"Oui," answers Poirot.
You see, it's the cells, those "little gray cells" that the Belgian detective always speaks of. Now someone has stolen his thunder, taken the word gray (sometimes spelled grey), and is using it to make a mint. And Poirot is using his little gray cells to fight back.
The erotic, super-successful Shades of Grey Trilogy has achieved phenomenal sales in the U.S., completely swamping lists of bestsellers. Right now on the Amazon Kindle list of bestsellers, the books are #4, #6, and #7. Poirot has been seething, telling his friend Inspector Japp, "Mon Dieu, that author, she's raking it in."
The books don't tell the whole story. Rumor is that there's a movie on the horizon. And in New York City, where the books are spectacularly successful, gray ties (a man's gray tie is important in the story and adorns the cover of the first book in the trilogy) are flying off the shelves. Retailers can't stock enough of them.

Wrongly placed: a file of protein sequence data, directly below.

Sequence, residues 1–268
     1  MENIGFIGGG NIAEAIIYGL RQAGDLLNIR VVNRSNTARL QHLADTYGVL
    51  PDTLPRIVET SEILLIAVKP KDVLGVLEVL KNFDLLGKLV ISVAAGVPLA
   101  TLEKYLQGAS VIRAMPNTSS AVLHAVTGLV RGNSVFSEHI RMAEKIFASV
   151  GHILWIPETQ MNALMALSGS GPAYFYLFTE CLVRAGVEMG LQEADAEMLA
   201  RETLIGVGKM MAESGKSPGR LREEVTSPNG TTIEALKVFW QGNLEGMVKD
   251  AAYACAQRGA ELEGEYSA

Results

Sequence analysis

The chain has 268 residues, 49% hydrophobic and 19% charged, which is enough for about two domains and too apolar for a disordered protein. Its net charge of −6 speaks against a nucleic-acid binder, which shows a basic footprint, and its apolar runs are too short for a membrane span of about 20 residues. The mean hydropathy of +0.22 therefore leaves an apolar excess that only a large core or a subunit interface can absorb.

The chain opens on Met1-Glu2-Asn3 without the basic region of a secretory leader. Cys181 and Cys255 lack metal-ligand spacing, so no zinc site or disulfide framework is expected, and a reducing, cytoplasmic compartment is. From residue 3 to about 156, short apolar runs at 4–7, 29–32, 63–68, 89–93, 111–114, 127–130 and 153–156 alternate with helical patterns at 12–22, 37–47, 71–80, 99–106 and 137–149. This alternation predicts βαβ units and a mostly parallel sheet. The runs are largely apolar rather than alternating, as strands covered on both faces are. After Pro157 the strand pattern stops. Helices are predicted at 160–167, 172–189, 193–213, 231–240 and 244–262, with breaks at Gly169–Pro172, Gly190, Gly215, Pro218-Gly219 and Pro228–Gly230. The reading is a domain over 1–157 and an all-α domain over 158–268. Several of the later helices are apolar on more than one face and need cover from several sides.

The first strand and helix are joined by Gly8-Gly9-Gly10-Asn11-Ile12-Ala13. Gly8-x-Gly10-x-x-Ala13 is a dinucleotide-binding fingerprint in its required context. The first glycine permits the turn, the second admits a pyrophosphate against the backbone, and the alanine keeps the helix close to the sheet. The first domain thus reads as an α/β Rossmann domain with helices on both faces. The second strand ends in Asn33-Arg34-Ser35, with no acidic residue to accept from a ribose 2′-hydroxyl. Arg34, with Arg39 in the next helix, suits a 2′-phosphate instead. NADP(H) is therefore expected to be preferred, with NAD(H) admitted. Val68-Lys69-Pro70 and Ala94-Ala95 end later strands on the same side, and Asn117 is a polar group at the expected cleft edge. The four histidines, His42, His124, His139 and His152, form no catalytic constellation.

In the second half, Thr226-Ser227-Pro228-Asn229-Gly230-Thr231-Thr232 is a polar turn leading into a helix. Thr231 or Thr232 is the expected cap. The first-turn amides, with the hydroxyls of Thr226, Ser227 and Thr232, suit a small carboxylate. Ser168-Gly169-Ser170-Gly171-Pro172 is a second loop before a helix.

Hercule Poirot has had it. His assistant Captain Hastings at his side, Poirot held a press conference in Grand Central Station in NYC to tell the world that it was time that he got his share of this "gray business." Adjusting his mustache and nodding his egg-shaped head from side to side, the detective told a crowd of supporters, "Me, I belong to the world. I call attention of the world to the color gray. The world owes me something in return, n'est-ce pas?"
At the conclusion of the press conference, when Poirot and Hastings were headeing for the exit, a frowning Poirot was heard to say to his friend, "Mon ami, that gray tie you have on. You will, how you say, dump it, s'il vous plait?"
Please stay tuned for more developments on Poirot and the gray revolution. Merci Beaucoup.